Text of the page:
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Mono Lake is a hypersaline lake located in Mono County, California at the base of the eastern central Sierra Nevada mountains. Four of the five freshwater streams in the Mono Basin that drain into Mono Lake are diverted to Los Angeles to help meet the needs of at least four million people. Even with strict water management regulations, Mono Lake is not rebounding to a healthy lake level as fast as expected. This indicates that there must be some process reducing the available water, such as evaporation, not correctly taken accounted for. Evaporation may be the primary reason for this uncertainty, but the evaporation rate of the basin is still unknown. This study aims to determine evaporation throughout the basin by using stable water isotopes (𝛅18O and 𝛅2H) to help with water management policies as well as assess hydrologic inputs through major cation measurements in Mono Basin. An analysis of 𝛅18O and 𝛅2H in water samples throughout the basin shows that the basin as a whole experiences higher evaporation than the average Global Meteoric Water Line (GMWL). Additionally, there are evaporative hotspots (June Lake and Lower Rush Creek) within the basin that experience higher evaporation than the local MWL. June Lake shows enriched isotopic samples, indicating high evaporation potentially from warmer and shallow waters and lack of shading from sun exposure. Rush Creek is the second evaporative hotspot in the basin, likely because of being the longest stream in the basin and maybe spending more time in the warmer and lower elevations. Another area of potential above average water loss concern is the June Lake loop area, which includes the Grant Lake Reservoir. Although the isotopic values do not show enrichment because of the many water inputs, caution should be used when storing water in and near basin evaporative hotspot locations. Mono Lake surface samples show heterogeneity, with eastern side more concentrated in cations, such as sodium. Higher cation concentrations, especially sodium, may indicate evaporative hotspots in Mono Lake. The eastern side of the lake may have high evaporation due to exposure to sunlight due to lack of mountain shadows, or from shallower and warmer water. Additionally, the freshwater stream inputs appear to be creating a slightly diluted layer on top of Mono Lake compared with the higher concentrated depth samples. This freshwater surface layer which may lead to higher evaporation because of the more available freshwater compared to even more saline water. This study hopes to point out evaporative hotspots in the basin so that water management can best allocate resources with this information.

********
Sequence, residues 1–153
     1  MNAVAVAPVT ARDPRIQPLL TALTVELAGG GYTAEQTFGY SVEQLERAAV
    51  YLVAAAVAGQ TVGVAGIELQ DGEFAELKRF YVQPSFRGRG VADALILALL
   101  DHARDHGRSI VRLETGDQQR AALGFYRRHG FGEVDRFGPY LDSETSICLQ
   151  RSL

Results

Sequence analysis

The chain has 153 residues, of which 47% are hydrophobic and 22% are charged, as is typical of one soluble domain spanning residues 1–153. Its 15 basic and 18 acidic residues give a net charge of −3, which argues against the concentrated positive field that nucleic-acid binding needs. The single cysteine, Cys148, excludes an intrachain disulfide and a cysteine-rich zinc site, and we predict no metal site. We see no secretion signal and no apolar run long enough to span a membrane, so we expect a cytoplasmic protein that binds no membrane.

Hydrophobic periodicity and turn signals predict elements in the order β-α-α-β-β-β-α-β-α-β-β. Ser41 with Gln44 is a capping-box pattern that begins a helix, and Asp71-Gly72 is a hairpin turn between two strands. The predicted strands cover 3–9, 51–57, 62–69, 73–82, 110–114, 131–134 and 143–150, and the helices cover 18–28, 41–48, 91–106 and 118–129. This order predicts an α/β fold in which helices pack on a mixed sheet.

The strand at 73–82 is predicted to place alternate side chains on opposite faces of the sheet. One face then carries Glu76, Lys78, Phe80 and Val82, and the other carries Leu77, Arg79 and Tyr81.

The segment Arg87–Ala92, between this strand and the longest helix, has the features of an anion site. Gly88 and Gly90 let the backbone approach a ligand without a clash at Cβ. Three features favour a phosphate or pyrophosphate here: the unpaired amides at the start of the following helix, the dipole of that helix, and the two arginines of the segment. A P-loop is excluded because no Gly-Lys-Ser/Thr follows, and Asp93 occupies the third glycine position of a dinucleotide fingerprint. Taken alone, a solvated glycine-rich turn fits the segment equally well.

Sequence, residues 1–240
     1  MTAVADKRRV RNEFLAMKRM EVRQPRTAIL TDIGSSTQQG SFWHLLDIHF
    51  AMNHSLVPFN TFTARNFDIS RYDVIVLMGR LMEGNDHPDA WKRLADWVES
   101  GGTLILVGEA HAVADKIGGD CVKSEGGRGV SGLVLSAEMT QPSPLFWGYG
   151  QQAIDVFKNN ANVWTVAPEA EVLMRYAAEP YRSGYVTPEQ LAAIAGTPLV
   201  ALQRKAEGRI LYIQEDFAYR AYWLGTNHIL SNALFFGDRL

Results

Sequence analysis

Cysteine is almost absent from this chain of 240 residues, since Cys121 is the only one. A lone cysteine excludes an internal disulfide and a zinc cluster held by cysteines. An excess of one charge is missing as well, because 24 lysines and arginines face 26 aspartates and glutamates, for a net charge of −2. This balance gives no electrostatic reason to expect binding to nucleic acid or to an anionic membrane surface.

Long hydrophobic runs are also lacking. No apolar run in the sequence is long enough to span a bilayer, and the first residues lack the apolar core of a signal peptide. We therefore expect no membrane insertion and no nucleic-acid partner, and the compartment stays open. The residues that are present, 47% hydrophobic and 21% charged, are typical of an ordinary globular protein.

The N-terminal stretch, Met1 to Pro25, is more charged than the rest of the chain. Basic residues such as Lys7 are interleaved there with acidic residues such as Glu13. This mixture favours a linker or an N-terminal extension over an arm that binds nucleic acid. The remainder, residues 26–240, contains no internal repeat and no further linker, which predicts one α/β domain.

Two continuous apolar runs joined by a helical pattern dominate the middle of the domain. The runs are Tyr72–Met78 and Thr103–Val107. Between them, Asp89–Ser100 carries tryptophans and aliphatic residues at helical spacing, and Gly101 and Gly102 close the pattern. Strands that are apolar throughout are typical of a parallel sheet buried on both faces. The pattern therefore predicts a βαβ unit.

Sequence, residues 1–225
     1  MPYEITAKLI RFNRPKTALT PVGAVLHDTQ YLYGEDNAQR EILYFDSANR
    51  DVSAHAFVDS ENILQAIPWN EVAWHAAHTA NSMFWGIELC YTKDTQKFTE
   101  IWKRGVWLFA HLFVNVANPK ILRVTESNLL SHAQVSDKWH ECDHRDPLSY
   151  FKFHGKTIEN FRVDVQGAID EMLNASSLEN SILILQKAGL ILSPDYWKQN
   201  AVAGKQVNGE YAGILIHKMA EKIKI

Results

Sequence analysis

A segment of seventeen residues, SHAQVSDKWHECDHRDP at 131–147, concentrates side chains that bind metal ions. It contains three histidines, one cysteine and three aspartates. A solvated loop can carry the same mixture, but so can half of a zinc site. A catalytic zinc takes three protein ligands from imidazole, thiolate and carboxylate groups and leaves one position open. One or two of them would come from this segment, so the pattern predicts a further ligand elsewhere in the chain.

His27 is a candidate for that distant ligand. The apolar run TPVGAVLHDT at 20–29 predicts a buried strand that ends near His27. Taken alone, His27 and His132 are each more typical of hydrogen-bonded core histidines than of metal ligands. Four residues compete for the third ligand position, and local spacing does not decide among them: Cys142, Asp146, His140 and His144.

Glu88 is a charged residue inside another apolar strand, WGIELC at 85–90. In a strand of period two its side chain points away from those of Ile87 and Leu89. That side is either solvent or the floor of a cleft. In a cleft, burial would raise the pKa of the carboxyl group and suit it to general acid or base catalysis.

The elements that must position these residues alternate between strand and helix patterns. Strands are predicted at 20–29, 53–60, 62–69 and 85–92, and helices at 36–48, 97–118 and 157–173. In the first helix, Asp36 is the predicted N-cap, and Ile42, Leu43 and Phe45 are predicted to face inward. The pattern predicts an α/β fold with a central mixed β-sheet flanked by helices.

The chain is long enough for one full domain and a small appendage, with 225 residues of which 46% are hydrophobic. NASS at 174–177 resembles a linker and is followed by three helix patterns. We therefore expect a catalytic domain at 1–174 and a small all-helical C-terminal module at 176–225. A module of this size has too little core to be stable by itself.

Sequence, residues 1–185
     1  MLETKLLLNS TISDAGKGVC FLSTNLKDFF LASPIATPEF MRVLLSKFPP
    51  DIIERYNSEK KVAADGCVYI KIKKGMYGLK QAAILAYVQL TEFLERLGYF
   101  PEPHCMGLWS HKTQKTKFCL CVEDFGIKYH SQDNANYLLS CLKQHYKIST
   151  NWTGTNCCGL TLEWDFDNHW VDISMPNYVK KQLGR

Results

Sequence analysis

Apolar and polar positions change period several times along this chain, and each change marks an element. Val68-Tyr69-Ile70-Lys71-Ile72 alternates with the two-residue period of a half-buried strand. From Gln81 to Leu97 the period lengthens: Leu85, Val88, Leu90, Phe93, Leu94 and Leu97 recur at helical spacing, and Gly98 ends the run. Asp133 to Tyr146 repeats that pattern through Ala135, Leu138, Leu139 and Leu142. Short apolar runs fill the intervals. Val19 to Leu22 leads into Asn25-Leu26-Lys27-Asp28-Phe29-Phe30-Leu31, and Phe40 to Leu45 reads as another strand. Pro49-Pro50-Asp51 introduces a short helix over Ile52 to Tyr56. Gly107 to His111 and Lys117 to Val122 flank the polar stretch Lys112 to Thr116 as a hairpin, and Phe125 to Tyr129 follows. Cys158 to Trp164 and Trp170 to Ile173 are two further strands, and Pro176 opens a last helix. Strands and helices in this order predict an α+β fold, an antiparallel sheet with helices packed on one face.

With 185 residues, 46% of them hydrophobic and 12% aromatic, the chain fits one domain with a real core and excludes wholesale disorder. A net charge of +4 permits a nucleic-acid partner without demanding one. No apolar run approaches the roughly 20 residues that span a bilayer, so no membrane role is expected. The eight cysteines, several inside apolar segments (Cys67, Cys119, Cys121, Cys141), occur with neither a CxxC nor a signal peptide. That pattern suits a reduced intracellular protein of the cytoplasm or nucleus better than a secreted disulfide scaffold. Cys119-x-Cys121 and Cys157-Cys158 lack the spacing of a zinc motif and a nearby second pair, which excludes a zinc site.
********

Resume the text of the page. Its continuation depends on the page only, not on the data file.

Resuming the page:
Level of Access

Restricted: Campus/Bates Community Only Access

First Advisor

Anne Fetrow

Date of Graduation


Degree Name

Bachelor of Arts

Number of Pages


Components of Thesis

1 pdf


Available to Bates community via local IP address or Bates login.